Abstract Gradient

The Holy Shroud

Shroudofturin.jpg

Secondo Pia's 1898 negative of the image on the Shroud of Turin has an appearance suggesting a positive image. It is used as part of the devotion to the Holy Face of Jesus. Image from Musée de l'Élysée, Lausanne.

Secondo Pia (9 September 1855 – 7 September 1941) was an Italian lawyer and amateur photographer. He is best known for taking the first photographs of the Shroud of Turin on 28 May 1898 and, when he was developing them, noticing that the photographic negatives showed a clearer rendition of the image. The image he obtained from the shroud has been approved by the Roman Catholic Church as part of the devotion to the Holy Face of Jesus.

Pink Sand

On the third day of Jesus' death, a small group of women returned to the tomb of Christ - among them Mary Magdalene. This return was just at dawn. However, the small group found the tomb open, without the Roman legionaries’ troop , who had escaped from the site, abandoning their guard posts.

      Mary Magdalena, despite being very afraid, was the first to enter the cave, followed, just behind, by the group of women. Minutes before, they had been challenged by an Announcing Angel, who had said that the tomb was empty and ordered them to come in to see what had happened: The Messiah, the Son of Abraham's only God, had risen.

      Mary Magdalene was able to see that the interior was empty and that the shroud that enveloped Christ was folded on top of the stone on which his body lay three days earlier - when his hurried funeral had been held.

From the object, which used to be a mere linen fabric, now emanated light and heat: the relic had been sanctified by the body of the Savior and, from then on, it became known as "The Holy Shroud".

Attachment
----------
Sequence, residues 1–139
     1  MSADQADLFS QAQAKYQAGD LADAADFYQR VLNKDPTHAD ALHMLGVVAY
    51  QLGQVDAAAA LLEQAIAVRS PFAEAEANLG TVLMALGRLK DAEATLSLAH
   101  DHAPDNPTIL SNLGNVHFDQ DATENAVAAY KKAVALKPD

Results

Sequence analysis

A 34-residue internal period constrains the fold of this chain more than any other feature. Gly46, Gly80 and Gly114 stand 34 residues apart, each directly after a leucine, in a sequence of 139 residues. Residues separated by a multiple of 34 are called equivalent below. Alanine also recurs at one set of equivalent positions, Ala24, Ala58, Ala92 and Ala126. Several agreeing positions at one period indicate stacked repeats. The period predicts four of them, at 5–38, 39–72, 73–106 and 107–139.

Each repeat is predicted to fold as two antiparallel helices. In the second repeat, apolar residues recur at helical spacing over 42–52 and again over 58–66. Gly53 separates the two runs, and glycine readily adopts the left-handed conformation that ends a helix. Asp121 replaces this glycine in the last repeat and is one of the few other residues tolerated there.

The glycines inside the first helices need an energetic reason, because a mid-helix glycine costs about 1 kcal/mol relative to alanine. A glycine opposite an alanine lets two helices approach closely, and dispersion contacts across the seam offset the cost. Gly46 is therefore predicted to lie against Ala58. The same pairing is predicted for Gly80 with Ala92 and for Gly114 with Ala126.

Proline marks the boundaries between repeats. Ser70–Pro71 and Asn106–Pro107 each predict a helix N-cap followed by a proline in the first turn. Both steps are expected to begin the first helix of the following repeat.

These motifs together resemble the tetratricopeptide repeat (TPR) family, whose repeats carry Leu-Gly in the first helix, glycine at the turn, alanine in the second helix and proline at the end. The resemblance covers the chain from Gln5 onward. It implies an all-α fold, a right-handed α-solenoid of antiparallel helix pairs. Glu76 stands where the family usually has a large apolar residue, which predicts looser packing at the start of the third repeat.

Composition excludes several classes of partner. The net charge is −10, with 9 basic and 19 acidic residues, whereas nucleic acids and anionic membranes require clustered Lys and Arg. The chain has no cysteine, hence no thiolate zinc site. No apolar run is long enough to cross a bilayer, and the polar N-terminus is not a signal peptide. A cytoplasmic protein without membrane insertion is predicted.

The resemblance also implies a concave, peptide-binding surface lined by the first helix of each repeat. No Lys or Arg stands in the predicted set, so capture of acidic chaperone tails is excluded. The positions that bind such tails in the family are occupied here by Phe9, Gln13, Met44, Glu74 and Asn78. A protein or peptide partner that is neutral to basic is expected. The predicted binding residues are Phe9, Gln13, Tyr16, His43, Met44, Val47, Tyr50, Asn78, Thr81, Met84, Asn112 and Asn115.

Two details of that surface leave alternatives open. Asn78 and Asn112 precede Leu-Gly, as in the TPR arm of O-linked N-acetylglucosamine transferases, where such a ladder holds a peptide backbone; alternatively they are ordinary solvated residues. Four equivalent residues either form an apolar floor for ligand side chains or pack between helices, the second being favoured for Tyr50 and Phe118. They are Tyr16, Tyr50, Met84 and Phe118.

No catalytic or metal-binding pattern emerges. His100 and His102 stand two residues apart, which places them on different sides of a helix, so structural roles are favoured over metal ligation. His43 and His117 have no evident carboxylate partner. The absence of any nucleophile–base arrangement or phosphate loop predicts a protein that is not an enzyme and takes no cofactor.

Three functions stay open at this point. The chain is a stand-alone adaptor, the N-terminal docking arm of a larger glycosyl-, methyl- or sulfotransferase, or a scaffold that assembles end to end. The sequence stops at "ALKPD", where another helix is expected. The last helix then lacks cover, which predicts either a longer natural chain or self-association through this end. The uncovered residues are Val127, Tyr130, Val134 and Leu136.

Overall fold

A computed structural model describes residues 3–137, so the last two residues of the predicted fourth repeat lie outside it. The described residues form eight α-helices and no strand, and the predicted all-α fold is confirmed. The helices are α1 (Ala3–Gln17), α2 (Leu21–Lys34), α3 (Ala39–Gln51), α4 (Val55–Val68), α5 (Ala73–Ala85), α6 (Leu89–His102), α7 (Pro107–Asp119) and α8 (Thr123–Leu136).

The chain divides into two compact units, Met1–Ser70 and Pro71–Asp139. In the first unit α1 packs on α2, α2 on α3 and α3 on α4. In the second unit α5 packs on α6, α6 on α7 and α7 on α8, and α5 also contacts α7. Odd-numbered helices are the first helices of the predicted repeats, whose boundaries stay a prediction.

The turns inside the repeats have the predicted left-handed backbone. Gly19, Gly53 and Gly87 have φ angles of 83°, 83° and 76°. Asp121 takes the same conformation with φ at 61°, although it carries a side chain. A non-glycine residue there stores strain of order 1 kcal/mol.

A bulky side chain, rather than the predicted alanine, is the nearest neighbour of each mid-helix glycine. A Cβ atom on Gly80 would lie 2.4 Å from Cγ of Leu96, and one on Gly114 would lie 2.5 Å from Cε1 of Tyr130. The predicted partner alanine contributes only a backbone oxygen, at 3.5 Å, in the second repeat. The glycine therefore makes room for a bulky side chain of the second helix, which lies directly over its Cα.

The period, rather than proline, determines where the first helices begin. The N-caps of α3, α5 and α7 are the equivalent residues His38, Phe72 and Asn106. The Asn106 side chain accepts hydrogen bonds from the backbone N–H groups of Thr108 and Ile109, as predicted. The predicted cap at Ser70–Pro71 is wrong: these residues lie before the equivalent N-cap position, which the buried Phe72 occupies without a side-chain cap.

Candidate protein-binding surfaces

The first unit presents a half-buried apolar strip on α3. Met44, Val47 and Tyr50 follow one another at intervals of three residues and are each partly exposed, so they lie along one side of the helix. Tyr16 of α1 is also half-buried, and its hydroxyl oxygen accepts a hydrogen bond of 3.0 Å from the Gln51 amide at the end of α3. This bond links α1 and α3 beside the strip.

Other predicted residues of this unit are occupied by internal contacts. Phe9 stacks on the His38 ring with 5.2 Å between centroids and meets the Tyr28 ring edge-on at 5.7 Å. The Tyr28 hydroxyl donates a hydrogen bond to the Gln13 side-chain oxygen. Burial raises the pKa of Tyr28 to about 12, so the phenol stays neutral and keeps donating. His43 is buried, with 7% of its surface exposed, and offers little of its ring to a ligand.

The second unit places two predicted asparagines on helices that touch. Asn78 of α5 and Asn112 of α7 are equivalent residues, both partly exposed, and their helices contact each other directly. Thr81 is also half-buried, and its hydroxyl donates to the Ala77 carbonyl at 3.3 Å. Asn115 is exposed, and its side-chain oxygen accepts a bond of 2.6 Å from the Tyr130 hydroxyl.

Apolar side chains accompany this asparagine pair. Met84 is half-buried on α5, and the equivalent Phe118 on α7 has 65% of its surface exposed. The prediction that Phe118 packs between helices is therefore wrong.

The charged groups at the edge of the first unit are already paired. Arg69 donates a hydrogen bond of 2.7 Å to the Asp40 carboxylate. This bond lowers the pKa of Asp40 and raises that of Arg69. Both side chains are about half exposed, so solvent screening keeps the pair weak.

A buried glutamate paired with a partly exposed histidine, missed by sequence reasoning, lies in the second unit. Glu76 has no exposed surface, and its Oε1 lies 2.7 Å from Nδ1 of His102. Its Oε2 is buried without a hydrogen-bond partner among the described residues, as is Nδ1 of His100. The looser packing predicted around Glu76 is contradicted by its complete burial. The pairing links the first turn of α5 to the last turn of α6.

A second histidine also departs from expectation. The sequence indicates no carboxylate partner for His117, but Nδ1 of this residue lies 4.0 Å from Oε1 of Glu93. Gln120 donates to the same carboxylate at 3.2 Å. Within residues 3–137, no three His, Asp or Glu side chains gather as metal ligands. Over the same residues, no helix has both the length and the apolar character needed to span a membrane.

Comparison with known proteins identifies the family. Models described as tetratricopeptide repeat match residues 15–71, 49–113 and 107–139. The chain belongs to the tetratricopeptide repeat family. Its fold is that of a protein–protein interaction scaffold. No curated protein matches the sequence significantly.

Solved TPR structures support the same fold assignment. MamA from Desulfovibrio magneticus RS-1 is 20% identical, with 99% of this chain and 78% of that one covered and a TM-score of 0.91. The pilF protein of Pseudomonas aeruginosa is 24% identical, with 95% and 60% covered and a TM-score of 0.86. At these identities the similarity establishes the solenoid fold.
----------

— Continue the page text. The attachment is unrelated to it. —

Jesus' shroud was later handed over to Mary, his mother, who kept its guard until the last minutes of her passage from planet Earth. She passed on its care to John, her faithful personal protector. The apostle John also cared for the preciousness until the end of his life and, in his last days, entrusted the shroud’s protection to other younger followers. These were difficult times and of great persecution for the First Christians, both on the part of the Roman Empire and the radical Jews, who still did not believe in Jesus Christ as the messiah sent by God.

      The Holy Shroud was kept well protected and out of sight of persecutors of Christianity for several years. Tradition only describes the shroud’s new appearance in the 2nd century, in the city of Edessa, in Asia Minor, a place that, for centuries, became a great pilgrimage center for Christianity, where thousands of pilgrims were destined to see the Holy Shroud, which was traditionally presented to the public every Friday.

      Yet, in AD 944, this relic was transferred to Constantinople, today Istanbul, Turkey, and remained there until AD 1204 when the city was looted by the Crusaders and the Holy Shroud was taken by these knights to Europe. It is not known exactly where it was.

      The relic remained under the protection of the Templar Knights for more than a century and only reappeared later in France, around 1349, under the custody of Godofredo de Chaney, lord of Lirey.

      In 1390, Pope Clement VII declared the relic sacred and began to encourage pilgrimage for its visitation.

      From March 1453, the Holy Shroud became the property of the Duke of Savoy and, in 1502, was placed at the chapel of his castle in Chambéry.

Ocean
Page312 - 300dpi.tif
Shroudofturin.jpg
Page318 - 600dpi.tif